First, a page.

A Week In Books: the Asperger's School of writing

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The Independent Culture

When Tim Henman revealed in an interview that he never read "boring" books, an outraged HarperCollins sprang into action. Their ads offered a list of thrilling tomes with the obvious slogan, "You cannot be serious!". Publishers do fret about the tastes of the young(ish) male consumer. The lads don't buy enough books; and so any anti-literary ace served by a sporting icon looks like bad news. Except that HarperCollins need not have bothered. Only one belief unites all younger British males: the conviction that Tim Henman is a total plonker. If you truly want those free-spending but reading-averse blokes to take up Proust and Plato, ask tiresome Tim to slag off literature every week.

In reality, publishers who wish to lure the lads take a more traditional route. They still adhere to the Hornby gauge. Ever since Fever Pitch and High Fidelity, the fan's or buff's progress through post-adolescent obsession to hitched-up maturity has offered a template for coming-of-age narratives, in novels and memoirs alike. Critical responses to these books invariably grab such adjectives as "wry" or "rueful" and employ that scuffed metonymy, "anorak". Male development becomes the slow, reluctant shedding of a spectator's or collector's skin as adulthood - and women - supervene. The high-flying TV producer still pines for a Stockport County triumph (or a mint-condition Buddy Holly single). But, these days, he can handle it.

You might, if feeling tasteless, dub this the Asperger's School of writing. Often, it rings pretty hollow. The hobby feels phoney; the misdeeds trivial; the redemption trite. Yet it's easy to see why the genre appeals. The ruling concept helps to shape a life. A youthful pastime - at first a tyrant, later an enemy, finally a harmless companion - supplies what T S Eliot would have called an "objective correlative" for the author's emotions. Now there was a proper anorak.

Sometimes, the works do offer sufficient insight and entertainment to overcome a corny form. Parallel Lines by Ian Marchant (Bloomsbury, £12.99) is not the first themed autobiography to set off from a fixation with British railways. (Nicholas Whittaker, the Nabob of Nerd, explored his trainspotting days in Platform Souls.) And Marchant doesn't flinch from the odd crass conjunction. One chapter in this mixture of family memoir, railway odyssey and social history begins with a sentence that epitomises the post-Hornby confessional: "My parents were divorced in 1968, the same year that steam trains finally ceased operations."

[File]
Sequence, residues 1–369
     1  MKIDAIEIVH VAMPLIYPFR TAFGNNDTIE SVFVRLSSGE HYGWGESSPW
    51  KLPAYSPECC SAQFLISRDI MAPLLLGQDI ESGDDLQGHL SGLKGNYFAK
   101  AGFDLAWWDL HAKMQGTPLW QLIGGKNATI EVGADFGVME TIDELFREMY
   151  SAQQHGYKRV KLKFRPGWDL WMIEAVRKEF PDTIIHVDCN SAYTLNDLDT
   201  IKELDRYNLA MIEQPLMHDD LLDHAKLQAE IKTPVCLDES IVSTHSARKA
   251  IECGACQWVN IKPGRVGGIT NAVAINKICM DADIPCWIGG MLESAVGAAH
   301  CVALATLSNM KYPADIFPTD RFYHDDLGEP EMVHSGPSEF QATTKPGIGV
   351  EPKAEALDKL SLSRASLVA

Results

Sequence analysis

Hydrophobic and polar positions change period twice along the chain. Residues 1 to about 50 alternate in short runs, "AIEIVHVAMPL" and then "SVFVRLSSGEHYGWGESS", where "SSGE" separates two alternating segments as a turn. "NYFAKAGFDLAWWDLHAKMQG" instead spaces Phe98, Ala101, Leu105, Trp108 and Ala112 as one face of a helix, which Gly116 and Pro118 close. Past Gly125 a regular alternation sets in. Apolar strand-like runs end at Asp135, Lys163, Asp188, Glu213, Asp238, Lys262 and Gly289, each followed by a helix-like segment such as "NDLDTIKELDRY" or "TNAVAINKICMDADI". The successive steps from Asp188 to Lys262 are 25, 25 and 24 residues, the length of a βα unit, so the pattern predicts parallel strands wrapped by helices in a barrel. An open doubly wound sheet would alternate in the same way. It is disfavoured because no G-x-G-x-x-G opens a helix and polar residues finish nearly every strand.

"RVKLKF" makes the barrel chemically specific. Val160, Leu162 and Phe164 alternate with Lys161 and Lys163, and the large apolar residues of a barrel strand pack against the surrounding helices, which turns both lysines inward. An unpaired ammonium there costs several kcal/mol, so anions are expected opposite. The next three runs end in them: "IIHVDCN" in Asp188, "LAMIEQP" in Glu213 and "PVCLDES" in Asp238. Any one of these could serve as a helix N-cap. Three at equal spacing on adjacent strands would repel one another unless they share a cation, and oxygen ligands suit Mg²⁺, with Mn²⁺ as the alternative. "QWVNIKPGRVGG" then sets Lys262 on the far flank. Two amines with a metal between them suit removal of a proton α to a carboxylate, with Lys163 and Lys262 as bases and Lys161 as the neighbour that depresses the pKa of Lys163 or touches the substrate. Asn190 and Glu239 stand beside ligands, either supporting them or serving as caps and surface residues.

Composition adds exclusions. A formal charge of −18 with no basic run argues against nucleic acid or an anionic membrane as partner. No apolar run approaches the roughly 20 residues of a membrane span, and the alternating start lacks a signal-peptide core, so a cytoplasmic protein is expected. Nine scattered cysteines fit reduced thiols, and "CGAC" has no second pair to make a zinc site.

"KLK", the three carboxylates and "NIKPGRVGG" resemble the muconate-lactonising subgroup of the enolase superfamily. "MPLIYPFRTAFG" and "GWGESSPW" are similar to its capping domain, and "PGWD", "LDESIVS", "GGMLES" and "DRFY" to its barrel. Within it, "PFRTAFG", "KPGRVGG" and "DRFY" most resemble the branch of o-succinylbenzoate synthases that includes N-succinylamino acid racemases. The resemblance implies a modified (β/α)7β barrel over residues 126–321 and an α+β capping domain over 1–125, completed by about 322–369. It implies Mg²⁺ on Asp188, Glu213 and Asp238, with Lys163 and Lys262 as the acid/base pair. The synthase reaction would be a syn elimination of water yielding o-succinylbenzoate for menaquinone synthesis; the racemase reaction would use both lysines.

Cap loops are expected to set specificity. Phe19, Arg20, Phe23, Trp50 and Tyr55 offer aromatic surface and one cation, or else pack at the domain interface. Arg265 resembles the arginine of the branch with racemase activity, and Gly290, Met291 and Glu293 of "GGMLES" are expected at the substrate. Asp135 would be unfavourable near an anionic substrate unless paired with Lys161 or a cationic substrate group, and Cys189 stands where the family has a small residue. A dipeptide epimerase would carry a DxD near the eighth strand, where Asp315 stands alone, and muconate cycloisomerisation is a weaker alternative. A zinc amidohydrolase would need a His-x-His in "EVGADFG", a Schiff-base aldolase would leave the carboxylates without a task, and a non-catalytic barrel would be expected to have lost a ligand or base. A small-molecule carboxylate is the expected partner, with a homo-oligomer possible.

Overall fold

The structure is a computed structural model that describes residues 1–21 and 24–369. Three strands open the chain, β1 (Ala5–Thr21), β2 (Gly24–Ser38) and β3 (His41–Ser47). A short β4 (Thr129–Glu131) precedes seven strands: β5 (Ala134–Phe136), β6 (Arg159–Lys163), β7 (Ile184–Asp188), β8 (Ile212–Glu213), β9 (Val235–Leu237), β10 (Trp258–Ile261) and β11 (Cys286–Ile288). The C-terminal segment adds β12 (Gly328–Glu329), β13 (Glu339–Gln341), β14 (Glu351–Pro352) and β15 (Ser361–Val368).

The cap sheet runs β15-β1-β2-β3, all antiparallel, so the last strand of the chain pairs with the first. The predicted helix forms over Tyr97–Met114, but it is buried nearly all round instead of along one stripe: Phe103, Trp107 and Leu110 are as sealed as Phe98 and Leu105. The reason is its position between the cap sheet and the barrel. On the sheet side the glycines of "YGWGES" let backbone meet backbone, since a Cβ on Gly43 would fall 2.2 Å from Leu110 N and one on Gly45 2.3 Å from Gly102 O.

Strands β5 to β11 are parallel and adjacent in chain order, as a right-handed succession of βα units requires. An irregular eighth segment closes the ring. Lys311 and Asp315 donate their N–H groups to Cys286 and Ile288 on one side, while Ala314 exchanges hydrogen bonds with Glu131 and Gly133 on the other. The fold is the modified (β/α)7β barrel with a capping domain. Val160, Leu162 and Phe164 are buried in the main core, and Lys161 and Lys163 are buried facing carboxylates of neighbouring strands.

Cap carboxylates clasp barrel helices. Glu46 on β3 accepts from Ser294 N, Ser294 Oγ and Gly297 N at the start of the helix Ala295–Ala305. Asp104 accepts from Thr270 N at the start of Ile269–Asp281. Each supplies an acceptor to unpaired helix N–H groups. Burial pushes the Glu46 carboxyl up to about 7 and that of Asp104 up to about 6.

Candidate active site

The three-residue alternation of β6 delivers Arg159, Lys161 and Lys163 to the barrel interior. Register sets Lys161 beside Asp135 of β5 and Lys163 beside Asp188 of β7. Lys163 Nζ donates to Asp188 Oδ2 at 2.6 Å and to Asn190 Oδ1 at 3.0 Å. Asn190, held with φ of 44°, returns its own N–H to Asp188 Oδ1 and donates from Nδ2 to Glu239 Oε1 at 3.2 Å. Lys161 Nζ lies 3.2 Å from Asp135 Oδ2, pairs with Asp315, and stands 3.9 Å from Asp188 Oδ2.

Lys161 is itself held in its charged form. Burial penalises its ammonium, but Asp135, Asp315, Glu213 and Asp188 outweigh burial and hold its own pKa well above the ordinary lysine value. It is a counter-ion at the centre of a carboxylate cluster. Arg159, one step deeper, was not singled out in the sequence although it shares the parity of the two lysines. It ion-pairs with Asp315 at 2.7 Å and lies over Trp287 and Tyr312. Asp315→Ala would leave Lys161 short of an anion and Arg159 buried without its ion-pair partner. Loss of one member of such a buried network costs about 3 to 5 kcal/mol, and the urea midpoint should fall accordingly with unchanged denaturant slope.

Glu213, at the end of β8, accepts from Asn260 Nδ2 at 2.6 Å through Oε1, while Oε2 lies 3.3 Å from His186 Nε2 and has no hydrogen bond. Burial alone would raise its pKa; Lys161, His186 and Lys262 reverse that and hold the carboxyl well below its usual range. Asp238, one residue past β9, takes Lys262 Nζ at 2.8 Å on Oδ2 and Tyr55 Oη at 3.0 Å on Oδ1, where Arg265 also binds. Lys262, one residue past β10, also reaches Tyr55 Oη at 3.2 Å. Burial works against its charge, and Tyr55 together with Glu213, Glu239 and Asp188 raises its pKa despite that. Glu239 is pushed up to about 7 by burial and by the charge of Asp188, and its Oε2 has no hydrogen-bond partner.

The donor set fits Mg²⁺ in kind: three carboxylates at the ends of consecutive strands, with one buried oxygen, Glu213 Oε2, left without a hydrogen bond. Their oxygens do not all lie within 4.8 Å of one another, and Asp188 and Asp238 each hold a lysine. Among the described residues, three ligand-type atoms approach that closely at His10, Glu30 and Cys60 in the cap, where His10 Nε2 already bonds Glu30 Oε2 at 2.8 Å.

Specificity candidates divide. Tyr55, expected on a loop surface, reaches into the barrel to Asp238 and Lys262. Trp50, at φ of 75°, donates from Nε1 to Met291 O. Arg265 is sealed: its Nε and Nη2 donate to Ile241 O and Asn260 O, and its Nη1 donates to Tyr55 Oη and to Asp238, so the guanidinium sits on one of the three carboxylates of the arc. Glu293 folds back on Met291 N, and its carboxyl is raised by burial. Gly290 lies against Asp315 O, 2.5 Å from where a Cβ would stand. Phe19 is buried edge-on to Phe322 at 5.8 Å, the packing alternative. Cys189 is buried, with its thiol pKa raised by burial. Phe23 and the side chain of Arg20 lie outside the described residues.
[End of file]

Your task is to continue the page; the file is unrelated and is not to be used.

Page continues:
Somehow, however, the trip keeps its pace and purpose, fuelled by the genial, flexible rhythms of the prose (lyrical one minute, streetwise the next) and enriched by two centuries of railway-culture hinterland. Marchant chews on his own history of delays and departures as he potters around train museums, tours the London Tube network, chuffs up picturesque steam lines in Snowdonia, and, at Carnforth, finds a spot where Thomas the Tank Engine and Brief Encounter meet. The railway is his "road of memory", switching past into present, regret into desire. For him, rail feels Romantic in a strict artistic sense: nostalgic, visionary, pastoral, opposed to Classical "cool", with its urban ironies.

Parallel Lines clanks pleasurably towards one further destination: a reconciliation between the separate tracks of the male and female minds. A subtitle confirms this goal: "every girl's big book of trains". Will Marchant ever reach that longed-for terminus where partners and (in his case) daughters grasp just what men are on about? I doubt it. Never mind: the scenic journey, not the arrival, counts.

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